How to Build Up Your Endurance and Hit a New Step Goal!

Moving up to a step goal of 10,000 steps or more can seem overwhelming at first, but if you take it one step at a time, you might surprise yourself. Adding longer and faster walks to your walking routine and finding ways to get active can kick up your step count as well as improve your cardiovascular health. It’s important to build up your endurance and pace yourself because getting fit is a marathon, not a sprint!

Try Brisk Walking

You don’t need to jog to increase the intensity. By simply waking faster, you’ll get a more intense workout and you’ll get more steps in per minute. If you’re already actively walking a mile or more each day, you’ve got a great base to begin. Break your intensity increases up into manageable chunks.

Women power walking together

  • Always warm up by walking at a leisurely speed before increasing the pace
  • Start with fast-walking intervals
    • Try two minutes normal walking, one-minute fast walking. If that seems too easy, bump up your brisk walking time by 15-second increments. If you’re not ready for a minute yet, knock off 20 seconds and try again. Adjust until you find a comfortable combination.
  • Follow your initial interval ratio for one week
  • Increase your brisk walking intervals by 15 to 30 seconds each week. Keep the increase gradual!
  • Start reducing the normal walking time during your intervals until your routine is mostly fast walking!

Happy walkers in the park

Not into intervals? Try using Pacer’s GPS walk tracking to measure your pace. If you walk the same route on a routine basis, see if you can complete your walk a little faster than you did yesterday! You don’t have to track your progress every second if you don’t want to. Just start the GPS track, do your walk and see how you did. Increase your pace little by little and you’ll be working up a sweat and getting more steps before know it!

Take Longer Walks

You can also get more intense by taking longer walks. It’s obvious that the further you walk, the more steps you’ll get. You’ll also find that by taking longer walks, you’ll have time to fully warm up and walk in a brisk, easy pace which can mean even more steps. You’ll want to increase the distance slowly, just like you add intervals of brisk walking to increase your speed.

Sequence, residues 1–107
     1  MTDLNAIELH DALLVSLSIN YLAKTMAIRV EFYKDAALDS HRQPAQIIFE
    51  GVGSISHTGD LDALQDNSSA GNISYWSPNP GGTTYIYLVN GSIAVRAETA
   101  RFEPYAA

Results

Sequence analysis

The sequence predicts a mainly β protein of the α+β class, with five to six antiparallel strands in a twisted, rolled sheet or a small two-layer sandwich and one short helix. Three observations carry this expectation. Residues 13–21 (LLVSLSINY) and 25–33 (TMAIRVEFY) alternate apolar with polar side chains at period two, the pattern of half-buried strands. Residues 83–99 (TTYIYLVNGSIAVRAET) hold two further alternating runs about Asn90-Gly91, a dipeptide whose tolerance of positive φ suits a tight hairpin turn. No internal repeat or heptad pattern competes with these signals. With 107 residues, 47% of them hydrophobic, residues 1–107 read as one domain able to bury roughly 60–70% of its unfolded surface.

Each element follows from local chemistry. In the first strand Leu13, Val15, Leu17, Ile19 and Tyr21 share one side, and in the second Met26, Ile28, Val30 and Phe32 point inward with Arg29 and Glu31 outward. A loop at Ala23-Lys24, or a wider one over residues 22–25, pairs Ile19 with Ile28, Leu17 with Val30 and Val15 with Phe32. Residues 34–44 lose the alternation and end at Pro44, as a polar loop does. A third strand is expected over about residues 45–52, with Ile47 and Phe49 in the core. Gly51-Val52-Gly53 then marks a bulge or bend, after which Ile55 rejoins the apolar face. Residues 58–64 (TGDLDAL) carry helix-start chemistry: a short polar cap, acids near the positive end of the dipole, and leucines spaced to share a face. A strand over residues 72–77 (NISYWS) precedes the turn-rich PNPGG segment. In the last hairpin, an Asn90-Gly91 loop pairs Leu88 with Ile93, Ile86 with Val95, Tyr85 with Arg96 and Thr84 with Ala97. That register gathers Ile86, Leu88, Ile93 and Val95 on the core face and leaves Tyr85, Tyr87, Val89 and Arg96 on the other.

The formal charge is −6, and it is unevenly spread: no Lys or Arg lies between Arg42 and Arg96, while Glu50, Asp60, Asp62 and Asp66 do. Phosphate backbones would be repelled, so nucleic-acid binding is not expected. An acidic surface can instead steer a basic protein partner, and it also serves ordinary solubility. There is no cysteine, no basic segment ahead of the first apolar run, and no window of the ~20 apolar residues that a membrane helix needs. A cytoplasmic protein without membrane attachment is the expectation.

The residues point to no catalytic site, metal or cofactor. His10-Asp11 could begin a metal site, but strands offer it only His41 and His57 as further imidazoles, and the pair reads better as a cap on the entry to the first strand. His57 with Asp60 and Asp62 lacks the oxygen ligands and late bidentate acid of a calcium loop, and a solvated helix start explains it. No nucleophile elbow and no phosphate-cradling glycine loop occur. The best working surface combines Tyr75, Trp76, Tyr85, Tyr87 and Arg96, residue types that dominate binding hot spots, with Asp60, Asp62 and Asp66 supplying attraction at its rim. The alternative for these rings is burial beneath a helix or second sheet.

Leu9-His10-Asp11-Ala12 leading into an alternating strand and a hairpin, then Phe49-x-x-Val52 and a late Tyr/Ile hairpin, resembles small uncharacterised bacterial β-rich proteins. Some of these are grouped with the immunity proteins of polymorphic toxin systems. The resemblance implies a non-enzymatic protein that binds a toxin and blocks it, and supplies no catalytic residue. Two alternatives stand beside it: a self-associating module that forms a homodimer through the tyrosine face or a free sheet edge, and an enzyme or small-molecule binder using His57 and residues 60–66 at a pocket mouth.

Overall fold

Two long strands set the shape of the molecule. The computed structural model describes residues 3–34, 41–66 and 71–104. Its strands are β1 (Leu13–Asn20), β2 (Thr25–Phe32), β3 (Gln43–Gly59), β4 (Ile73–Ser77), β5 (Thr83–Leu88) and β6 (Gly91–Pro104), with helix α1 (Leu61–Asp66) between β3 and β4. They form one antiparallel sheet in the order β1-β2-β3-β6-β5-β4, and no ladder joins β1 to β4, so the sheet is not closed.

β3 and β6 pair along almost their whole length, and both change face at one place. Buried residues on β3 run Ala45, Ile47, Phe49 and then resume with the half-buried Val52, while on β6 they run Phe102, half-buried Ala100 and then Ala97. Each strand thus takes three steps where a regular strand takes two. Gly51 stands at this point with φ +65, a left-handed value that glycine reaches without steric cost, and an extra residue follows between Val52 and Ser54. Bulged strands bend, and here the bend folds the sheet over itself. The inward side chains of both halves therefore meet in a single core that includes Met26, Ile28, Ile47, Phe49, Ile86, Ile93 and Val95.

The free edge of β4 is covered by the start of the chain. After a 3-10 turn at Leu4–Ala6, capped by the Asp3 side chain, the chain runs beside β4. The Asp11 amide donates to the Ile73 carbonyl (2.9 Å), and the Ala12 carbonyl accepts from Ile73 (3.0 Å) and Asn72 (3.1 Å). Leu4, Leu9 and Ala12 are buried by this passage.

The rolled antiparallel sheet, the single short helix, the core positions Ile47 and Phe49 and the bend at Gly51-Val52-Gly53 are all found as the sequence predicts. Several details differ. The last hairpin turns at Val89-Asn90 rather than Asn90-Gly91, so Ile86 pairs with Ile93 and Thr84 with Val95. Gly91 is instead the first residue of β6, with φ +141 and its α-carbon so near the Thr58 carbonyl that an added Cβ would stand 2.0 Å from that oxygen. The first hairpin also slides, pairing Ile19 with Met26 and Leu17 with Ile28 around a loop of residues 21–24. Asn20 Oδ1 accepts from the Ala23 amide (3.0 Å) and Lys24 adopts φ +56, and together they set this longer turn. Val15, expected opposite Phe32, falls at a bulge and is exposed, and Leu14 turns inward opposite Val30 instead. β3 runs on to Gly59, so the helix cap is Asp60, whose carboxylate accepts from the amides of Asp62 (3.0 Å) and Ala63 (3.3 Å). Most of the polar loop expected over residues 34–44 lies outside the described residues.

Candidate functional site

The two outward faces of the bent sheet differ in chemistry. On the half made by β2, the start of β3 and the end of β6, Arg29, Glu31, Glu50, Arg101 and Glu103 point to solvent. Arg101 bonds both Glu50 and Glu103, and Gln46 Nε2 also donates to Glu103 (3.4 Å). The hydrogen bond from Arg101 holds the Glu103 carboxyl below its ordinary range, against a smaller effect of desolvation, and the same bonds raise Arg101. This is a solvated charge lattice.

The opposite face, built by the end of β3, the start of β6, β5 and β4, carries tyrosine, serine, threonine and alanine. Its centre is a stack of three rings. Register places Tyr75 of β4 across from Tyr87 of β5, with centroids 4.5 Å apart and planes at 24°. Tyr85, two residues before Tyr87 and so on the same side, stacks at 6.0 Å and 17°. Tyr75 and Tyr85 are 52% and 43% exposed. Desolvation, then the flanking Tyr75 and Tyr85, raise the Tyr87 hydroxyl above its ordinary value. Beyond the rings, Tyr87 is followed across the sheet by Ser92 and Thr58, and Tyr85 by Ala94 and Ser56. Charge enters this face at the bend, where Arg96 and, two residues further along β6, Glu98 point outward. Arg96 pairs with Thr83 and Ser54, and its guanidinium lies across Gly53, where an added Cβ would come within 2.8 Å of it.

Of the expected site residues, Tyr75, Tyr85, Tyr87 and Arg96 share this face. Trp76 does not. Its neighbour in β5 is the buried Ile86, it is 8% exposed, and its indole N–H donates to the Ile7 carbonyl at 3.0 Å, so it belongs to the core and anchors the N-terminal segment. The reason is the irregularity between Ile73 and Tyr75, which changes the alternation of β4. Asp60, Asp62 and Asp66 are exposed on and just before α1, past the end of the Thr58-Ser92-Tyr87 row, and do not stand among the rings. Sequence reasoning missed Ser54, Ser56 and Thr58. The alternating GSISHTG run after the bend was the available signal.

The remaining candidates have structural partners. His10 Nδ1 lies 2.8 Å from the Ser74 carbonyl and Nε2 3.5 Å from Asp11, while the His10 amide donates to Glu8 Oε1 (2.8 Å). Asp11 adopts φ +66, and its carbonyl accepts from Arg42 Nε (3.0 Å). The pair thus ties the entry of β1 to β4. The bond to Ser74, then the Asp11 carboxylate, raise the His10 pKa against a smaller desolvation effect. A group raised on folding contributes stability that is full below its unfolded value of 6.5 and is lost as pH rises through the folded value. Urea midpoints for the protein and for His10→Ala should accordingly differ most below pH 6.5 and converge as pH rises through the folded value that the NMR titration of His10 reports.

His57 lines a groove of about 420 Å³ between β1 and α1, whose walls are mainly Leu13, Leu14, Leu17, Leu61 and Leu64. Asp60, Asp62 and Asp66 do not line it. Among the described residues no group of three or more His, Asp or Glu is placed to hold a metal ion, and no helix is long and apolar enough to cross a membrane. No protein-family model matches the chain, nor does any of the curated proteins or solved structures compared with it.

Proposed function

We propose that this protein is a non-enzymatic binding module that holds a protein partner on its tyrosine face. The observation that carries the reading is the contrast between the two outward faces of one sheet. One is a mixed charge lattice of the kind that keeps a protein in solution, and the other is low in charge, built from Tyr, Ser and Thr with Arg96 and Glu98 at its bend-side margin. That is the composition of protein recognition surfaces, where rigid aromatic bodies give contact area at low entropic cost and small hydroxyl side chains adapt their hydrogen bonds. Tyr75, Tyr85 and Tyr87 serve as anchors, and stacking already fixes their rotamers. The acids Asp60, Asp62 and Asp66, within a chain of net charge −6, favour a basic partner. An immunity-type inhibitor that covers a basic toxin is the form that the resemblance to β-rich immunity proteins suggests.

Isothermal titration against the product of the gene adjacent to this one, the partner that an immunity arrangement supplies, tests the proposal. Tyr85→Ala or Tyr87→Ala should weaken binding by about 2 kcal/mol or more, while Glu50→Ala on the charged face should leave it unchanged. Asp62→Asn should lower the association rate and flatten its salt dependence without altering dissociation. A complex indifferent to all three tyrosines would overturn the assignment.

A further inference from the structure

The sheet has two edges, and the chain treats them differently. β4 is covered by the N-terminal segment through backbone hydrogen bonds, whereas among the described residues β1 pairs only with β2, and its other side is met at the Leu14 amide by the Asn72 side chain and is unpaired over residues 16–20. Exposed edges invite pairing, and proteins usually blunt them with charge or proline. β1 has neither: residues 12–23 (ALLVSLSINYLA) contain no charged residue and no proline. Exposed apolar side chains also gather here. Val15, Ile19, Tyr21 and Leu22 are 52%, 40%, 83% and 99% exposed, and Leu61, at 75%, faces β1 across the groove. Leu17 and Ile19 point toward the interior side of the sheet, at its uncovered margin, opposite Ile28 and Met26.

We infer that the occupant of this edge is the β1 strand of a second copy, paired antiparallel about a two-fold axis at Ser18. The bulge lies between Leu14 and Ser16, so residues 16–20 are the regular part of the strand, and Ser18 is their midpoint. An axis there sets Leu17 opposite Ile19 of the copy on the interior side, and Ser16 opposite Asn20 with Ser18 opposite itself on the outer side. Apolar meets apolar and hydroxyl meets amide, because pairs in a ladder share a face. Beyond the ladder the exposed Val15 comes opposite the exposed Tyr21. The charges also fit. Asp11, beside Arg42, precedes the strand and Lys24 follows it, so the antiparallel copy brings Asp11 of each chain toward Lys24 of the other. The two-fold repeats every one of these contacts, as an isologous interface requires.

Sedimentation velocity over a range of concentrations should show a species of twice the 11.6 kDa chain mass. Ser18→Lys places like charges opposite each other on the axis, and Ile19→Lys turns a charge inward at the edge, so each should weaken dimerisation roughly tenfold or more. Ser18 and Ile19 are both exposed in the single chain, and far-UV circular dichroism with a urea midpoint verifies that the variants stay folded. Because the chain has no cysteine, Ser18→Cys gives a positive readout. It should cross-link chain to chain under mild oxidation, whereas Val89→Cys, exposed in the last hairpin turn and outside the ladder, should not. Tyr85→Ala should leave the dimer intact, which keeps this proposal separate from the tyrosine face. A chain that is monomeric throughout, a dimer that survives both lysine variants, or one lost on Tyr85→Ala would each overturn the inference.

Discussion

Older man and woman walking

  • Start with a route that you’ve walked before and you can complete easily without any problems.
  • Add a short distance to your route, and see how you feel.
  • Make sure that you’re only adding a short distance! The last quarter of your walk can be the most tiring, so try to keep a steady pace and stick to your plan.
  • If you live in city, this could be as easy as adding an extra block at a time to your walk
  • If you live in a more rural area, one block may be very far! You may need to walk a bit and then turn around, or find an area like a park or mall where you can walk for a few minutes, then turn back.
  • The longer you walk, the more you’re likely to sweat and get hot. Make sure to wear light clothes (in the summer) and drink plenty of water. Summer heat can be dangerous, so stay safe and stay active!
  • Find something to do to keep your interest while walking! You can try listening to podcasts or audiobooks, or finding a walking buddy to talk to.
  • Pay attention to your body. If you’re feeling sore or tired on a particular day, stick closer to home and walk slower. It’s often better to take 2 laps of a shorter route so you’re close to home in case you need to end your walk early.

Walker tired from heat

Be Consistent

Again, if you are consistently walking on a regular schedule, you’re off to an excellent start. Staying consistent with your efforts is the biggest factor in helping you improve your walking endurance and staying injury-free.

  • Keep your weekly intervals uniform without big increases or decreases in time or miles. Make increases gradual!
  • Log your planned workouts and check them off when you’re done. It will help you see your progress.
  • Rest days are important. Be sure to schedule them, but don’t take them randomly.
  • If you do miss a workout, don’t beat yourself up. Write down why you missed it, consider any changes you may need to make to avoid missing workouts again, and then keep moving forward.

Take a small step every day

Set a Goal

It’s easier to maintain your momentum and stay consistent if you have a goal. Find a local 5k Run/walk nearby and focus on it. Or, chart your own 5k (or less, or more) walking path, and work up to it! It’s totally fine if you aren’t ready to go the whole distance. You can try adding in fast/slow walk intervals, or just complete part of the goal distance and work up to the rest. Having a goal in front of you helps you stay accountable, gives you something to strive for, and makes the consistency factor much easier to maintain.

Reach the finish line

You may be tempted to dramatically increase your speed or distance because the gradual additions feel too slow. Resist the urge to go to fast, too soon! You may be able to double your walking speed or distance for one day, but over a week or month you may find yourself sore, injured or burned out. Walking is an activity you can do for your entire life, and it will still be there in a month or two once you’ve built up your endurance!

Most importantly, don’t allow yourself to feel intimidated. Just because you can’t walk for 5km straight doesn’t mean that you won’t be able to in time. Be patient with yourself and remember that every small step moves you towards your goal!

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